Also situated on Malolo Island and accessible via helicopter or speedboat, the 120- acre, luxe Six Senses Fiji sits amid vegetation and houses two marinas on an expansive bay. Its 24 spacious villas feature decks with plunge pools, lounge chairs and dining tables and include up to eight hours of nanny service per day, while a guest experience maker attends to your every need. Rara Restaurant & Bar serves locally inspired and sustainably sourced ingredients including those grown in the on-site garden; Tovolea restaurant offers Pacific-inspired dishes like coconut husk-smoked beef tenderloin and sundowner cocktails sipped while watching the Fijian torch-lighting ritual. A lush jungle sets the stage for the spa, where science and wellness combine for a Bobo massage with poultices filled with garden-picked herbs or a tropical hibiscus coconut body exfoliation. Top activities here include a personalized experience in the Mamanuca Islands with bull shark diving, a snorkel safari or swimming with manta rays; a cultural night with Fijian warriors; or an excursion to the deserted Modriki Islands, the setting for the movie Cast Away.
A STRING OF 15 ISLANDS located halfway between Hawai’i and New Zealand, the Cook Islands boasts a reputation as a more wallet-friendly alternative to French Polynesia. Visitors can fly from Los Angeles, Auckland (AKL) and Sydney (SYD) to Rarotonga (RAR) on Air New Zealand; from other Australian cities on Virgin Australia, Air New Zealand or Jetstar Airways; or from Tahiti on Air Tahiti Nui. National carrier Air Rarotonga travels to several widely separated sister islands. Most accommodations are located on Rarotonga, a small island just 20 miles in circumference sans traffic lights or buildings taller than a coconut tree. The aptly named boutique Little Polynesian Resort offers just 14 bungalows and studios on the beach or nestled in the gardens, each with a high, vaulted ceiling to lend an airy vibe. Nap on a shaded lounger on your private sundeck or sway on a hammock on the deserted beach. Those seeking a bit more activity can take a dip in the natural saltwater infinity pool or explore with a snorkel or in a kayak.
The open-air poolside restaurant serves views of Titikaveka Lagoon and Polynesian-European fusion-inspired dishes like prawn and fish salad or lemon- and fennel-braised pork belly. A glowing akari body scrub at Te Manava Spa exfoliates and soothes skin after time spent in the sun, while the aromatic Balinese massage combines long stretching strokes with palm and thumb pressure to improve blood flow and relieve stress. More than 100 restaurants on the island tempt with specialties like goat cooked in wild ginger and coconut cream. Local experiences take you on a volcano tour or to dance clubs, bustling Punanga Nui Market and Saturday lagoon races through the Rarotonga Sailing Club.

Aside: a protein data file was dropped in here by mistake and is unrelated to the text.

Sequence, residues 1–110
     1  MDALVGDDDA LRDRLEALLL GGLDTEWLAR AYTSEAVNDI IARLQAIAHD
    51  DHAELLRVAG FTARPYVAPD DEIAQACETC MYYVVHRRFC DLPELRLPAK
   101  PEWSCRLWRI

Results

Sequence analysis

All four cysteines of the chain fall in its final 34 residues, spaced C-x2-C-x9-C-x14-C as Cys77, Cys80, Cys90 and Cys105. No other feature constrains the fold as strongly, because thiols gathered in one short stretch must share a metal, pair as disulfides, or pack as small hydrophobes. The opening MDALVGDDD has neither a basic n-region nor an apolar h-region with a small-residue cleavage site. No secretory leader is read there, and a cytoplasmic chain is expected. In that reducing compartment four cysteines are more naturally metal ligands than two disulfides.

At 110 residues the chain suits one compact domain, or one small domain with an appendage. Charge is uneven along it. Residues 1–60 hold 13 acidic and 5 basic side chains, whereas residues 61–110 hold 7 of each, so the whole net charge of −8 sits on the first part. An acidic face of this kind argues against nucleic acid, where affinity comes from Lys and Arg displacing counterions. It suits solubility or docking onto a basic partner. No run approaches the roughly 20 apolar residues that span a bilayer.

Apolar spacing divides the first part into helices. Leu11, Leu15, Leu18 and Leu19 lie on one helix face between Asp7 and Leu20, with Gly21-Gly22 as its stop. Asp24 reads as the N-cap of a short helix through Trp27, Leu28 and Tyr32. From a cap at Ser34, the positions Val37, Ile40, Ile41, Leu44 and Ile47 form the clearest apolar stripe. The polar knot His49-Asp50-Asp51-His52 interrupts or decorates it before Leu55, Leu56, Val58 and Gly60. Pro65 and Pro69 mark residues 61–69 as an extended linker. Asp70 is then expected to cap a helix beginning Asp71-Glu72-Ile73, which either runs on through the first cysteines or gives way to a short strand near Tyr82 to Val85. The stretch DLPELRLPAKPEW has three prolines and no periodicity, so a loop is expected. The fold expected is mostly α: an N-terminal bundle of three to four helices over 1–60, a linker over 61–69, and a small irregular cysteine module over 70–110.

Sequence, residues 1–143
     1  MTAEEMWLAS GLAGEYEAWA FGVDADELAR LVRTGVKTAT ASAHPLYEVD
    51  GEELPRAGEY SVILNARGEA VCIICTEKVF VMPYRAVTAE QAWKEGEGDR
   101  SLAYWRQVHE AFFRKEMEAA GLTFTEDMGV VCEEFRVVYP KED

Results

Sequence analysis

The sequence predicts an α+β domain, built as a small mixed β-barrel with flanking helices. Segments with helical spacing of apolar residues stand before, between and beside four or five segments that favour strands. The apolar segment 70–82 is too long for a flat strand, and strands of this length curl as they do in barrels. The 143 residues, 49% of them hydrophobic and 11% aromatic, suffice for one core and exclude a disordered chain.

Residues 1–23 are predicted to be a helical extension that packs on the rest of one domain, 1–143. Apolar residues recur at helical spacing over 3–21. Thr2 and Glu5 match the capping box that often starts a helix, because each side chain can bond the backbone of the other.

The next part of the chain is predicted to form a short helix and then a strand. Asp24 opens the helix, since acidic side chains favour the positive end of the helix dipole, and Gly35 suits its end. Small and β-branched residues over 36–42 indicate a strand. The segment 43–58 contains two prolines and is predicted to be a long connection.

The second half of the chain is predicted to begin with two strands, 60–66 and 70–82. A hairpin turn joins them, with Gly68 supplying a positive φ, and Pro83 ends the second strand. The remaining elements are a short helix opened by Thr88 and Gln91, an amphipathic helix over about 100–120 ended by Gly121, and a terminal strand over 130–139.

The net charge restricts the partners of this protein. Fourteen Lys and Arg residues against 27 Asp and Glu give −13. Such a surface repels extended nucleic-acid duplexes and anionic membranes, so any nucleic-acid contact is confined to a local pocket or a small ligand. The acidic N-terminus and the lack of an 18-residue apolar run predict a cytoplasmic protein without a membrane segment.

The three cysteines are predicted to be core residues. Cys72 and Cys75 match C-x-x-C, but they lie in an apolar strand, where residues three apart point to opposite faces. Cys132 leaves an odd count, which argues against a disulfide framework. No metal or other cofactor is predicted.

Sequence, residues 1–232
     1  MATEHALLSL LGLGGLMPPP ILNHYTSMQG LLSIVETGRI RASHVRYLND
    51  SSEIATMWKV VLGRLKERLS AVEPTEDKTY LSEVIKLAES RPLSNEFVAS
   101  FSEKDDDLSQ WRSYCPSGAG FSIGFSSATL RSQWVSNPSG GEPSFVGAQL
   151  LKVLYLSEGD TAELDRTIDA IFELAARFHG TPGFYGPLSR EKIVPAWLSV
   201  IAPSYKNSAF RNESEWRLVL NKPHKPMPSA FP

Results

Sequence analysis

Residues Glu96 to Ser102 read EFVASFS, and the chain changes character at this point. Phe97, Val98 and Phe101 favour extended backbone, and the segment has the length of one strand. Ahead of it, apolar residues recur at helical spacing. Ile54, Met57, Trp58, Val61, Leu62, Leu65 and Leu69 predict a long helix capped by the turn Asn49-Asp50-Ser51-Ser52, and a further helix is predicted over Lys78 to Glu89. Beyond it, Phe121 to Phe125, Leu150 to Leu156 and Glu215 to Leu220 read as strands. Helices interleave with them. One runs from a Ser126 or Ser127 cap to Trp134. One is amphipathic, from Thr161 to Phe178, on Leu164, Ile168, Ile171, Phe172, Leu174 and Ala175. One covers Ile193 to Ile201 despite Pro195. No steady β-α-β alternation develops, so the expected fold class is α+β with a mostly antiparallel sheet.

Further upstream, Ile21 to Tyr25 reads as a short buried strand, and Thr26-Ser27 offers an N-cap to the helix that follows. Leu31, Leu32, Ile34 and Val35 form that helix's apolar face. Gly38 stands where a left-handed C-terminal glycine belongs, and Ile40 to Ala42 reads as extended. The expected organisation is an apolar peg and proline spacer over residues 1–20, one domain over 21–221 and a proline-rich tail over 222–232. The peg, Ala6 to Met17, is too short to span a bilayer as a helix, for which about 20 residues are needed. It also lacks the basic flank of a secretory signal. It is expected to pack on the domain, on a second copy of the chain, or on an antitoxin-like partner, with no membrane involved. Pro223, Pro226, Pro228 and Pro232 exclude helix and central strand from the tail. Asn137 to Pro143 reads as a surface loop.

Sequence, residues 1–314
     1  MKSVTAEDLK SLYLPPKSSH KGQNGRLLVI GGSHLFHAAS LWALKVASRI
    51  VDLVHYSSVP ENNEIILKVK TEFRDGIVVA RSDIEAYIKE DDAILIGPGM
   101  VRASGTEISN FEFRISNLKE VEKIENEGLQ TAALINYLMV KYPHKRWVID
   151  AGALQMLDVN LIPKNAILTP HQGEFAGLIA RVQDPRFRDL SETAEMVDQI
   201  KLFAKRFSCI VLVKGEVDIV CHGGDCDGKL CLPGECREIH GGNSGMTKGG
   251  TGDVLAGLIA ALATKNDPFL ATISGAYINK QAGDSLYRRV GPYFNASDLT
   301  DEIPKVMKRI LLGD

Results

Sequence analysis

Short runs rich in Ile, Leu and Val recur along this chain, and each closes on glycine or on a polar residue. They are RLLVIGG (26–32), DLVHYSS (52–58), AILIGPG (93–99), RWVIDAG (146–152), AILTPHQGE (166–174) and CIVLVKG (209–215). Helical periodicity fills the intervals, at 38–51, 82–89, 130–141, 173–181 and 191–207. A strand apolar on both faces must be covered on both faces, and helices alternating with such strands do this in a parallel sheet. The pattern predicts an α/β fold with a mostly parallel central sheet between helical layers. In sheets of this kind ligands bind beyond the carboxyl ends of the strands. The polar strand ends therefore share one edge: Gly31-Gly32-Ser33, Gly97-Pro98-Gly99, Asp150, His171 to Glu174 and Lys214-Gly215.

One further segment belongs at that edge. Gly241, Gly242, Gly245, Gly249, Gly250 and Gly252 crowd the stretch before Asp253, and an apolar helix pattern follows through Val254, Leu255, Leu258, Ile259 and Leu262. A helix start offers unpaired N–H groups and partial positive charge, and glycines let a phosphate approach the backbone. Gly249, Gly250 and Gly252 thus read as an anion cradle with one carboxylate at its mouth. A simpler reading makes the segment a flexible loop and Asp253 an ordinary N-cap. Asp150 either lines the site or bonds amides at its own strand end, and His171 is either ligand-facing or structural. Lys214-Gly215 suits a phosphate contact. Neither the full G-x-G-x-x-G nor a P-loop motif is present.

A 15-MINUTE FLIGHT OR 40-MINUTE ferry ride from the French Polynesian capital of Papeete takes you to Moorea, the sister island of Tahiti, known for its lush peaks and quiet waters that for years attracted all kinds of artists from painters to tattoo artists. Situated on the northwest coast of Moorea, the InterContinental Moorea Resort & Spa has 140 rooms and bungalows set over water, on the beach, by a garden pool or attached to a lanai, with different amenities depending on location. Opened in December 2019, the Deep Nature Spa Moorea offers French Polynesian indulgences like a traditional bath, volcanic stone massage, tropical body scrub and separate menu for spa goers aged 6–12.
Among the property’s three restaurants and two bars, choose Fare Hana to nosh on lagoon fish marinated in coconut and vanilla, and a swim-up bar where drinks like the Tahitian Blue Lagoon come in hues matching the spectacular water. Learn about the intelligent aquatic mammals at the resort’s Moorea Dolphin Center, attend a sea turtle clinic at the Turtle Care Center, embark on a ray and shark encounter on a motu, helmet dive, take an ATV tour or four-wheel- drive Jeep safari, skydive over Mount Rotui or sunset cruise on a motorized catamaran. More of a shopper? A daytrip to Marché in Papeete is a must-do for snagging souvenirs like pareos (sarongs), black pearls, monoi oil, tiare perfume and wood carvings.